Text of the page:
Minimal influence of traditional surgical risk factors on mortality in contemporary aortic valve replacement.
ABSTRACT Transcatheter aortic valve implantation is increasingly presented as an alternative to aortic valve replacement in the high risk surgical candidate. We review the outcomes of isolated aortic valve replacement to identify contemporary results of aortic valve replacement in such high risk patients.
Retrospective analysis of 846 patients (mean age 68.7 ± 11.8 years) who underwent aortic valve replacement in a single institution from 1999 to 2008. We considered 10 risk factors as follows: female gender (395 patients, 46.7%), age, left ventricular ejection fraction, New York Heart Association Class, preoperative creatinine clearance, body mass index, peripheral vascular disease (49 patients, 5%), cerebrovascular disease (42 patients, 4.9%), chronic obstructive pulmonary disease (87 patients,10.2%), and redo surgery (53 patients, 6.2%).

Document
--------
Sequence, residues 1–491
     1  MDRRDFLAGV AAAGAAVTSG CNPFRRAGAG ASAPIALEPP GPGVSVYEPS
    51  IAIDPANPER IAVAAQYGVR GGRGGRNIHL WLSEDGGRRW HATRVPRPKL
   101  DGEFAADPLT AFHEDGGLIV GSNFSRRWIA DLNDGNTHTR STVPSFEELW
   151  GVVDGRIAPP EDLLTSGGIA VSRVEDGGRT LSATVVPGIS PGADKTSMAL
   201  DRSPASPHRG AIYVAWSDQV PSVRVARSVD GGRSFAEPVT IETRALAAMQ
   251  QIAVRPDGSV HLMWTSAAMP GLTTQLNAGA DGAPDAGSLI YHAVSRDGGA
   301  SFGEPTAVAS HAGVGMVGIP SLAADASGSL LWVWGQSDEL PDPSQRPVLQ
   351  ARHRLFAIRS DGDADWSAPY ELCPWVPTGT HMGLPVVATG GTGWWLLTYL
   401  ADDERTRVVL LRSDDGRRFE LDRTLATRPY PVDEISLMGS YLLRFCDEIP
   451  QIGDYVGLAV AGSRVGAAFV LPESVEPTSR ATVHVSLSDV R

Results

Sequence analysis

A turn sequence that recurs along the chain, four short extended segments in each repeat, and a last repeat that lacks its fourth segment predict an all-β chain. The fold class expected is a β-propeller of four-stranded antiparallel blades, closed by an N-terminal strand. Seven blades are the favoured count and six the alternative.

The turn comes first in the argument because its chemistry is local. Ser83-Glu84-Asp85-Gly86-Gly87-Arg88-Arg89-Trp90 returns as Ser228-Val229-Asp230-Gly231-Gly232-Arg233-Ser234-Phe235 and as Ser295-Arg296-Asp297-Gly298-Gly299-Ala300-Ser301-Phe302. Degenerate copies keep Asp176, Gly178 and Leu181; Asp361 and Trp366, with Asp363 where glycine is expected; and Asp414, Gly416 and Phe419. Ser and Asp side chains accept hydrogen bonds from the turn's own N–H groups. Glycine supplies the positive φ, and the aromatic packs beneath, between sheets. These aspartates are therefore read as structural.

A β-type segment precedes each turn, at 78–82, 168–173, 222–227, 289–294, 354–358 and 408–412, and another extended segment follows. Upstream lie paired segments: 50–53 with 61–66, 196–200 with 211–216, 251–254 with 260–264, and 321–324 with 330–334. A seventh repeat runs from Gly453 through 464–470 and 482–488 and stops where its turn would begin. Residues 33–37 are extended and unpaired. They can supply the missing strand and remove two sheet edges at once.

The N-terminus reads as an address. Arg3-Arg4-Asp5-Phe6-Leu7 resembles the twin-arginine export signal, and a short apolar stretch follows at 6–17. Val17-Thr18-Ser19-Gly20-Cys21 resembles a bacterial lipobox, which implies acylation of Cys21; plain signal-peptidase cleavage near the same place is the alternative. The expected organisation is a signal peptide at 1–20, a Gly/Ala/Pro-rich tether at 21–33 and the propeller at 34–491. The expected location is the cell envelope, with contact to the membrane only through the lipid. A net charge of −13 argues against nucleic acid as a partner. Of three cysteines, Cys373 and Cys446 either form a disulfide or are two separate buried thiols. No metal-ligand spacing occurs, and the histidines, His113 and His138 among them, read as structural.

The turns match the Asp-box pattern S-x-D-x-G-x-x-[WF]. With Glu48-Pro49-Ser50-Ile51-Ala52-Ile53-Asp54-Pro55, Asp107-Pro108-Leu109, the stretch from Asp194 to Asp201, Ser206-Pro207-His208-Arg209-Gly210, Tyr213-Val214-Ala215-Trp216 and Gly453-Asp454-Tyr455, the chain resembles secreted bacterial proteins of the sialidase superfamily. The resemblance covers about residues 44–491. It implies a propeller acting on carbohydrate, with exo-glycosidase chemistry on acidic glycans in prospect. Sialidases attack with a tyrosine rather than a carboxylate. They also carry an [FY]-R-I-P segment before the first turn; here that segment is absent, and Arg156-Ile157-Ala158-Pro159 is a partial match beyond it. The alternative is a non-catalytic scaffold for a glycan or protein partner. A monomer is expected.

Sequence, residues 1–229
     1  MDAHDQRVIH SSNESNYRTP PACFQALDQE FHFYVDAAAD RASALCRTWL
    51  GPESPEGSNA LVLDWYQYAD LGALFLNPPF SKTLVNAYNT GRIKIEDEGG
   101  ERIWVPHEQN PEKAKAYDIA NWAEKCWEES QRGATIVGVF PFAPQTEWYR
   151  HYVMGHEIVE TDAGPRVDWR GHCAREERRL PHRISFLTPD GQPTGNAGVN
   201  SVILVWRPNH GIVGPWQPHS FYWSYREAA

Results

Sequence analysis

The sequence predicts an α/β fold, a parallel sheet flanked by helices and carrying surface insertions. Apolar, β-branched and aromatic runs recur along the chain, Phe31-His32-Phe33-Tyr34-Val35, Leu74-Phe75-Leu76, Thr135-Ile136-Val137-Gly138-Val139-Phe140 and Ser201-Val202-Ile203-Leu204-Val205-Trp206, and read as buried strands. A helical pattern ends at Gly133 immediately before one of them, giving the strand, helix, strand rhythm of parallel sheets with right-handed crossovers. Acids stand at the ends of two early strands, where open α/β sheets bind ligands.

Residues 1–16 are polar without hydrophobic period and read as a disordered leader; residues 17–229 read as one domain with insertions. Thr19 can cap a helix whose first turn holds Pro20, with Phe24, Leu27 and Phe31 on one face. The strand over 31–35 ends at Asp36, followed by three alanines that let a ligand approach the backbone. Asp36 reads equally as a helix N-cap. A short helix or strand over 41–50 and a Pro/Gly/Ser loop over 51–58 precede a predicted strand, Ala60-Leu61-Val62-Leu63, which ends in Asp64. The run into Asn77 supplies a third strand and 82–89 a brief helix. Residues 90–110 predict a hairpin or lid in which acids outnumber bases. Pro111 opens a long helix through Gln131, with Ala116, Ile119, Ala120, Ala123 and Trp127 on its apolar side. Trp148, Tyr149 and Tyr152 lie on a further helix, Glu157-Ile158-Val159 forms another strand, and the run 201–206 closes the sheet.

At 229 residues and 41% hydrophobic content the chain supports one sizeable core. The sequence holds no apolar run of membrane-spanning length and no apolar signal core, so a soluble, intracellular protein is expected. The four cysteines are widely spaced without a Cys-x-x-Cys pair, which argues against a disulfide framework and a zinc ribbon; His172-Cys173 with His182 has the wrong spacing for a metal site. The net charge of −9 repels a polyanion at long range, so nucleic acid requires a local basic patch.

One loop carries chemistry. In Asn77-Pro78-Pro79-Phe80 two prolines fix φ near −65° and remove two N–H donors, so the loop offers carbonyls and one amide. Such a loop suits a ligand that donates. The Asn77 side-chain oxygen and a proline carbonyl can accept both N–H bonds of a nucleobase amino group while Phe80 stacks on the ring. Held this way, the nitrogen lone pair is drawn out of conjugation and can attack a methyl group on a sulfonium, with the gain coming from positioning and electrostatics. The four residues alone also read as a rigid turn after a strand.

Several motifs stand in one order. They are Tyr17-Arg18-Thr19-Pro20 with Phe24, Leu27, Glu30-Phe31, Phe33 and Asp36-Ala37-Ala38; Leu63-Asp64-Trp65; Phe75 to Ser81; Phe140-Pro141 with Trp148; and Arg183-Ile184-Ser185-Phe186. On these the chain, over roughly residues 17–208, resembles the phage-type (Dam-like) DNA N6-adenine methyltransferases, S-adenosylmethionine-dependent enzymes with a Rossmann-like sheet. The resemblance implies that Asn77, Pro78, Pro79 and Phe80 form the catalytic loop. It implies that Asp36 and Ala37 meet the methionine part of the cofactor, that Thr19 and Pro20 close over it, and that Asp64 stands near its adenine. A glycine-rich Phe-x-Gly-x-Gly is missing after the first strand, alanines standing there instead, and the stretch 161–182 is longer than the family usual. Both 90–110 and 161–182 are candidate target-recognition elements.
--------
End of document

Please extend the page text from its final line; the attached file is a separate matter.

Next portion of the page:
Twenty-five patients died (2.9%). Age (P=0.032; OR 1.07 per each year increase) was the only significant independent predictor of mortality. Length of stay in the hospital was correlated with age (P<0.0001), New York Heart Association Class (P<0.0001) creatinine clearance (P=0.005) and redo surgery (P=0.006).
Contemporary aortic valve replacement is a low risk procedure for most patients. Historical risk factors which have been used to define high risk and inoperability, such as pulmonary disease, reoperations, decreased left ventricular ejection fraction and vascular disease, may not be relevant in the current era. This observation should be considered if such criteria are used to define patients for transcatheter aortic valve implantation.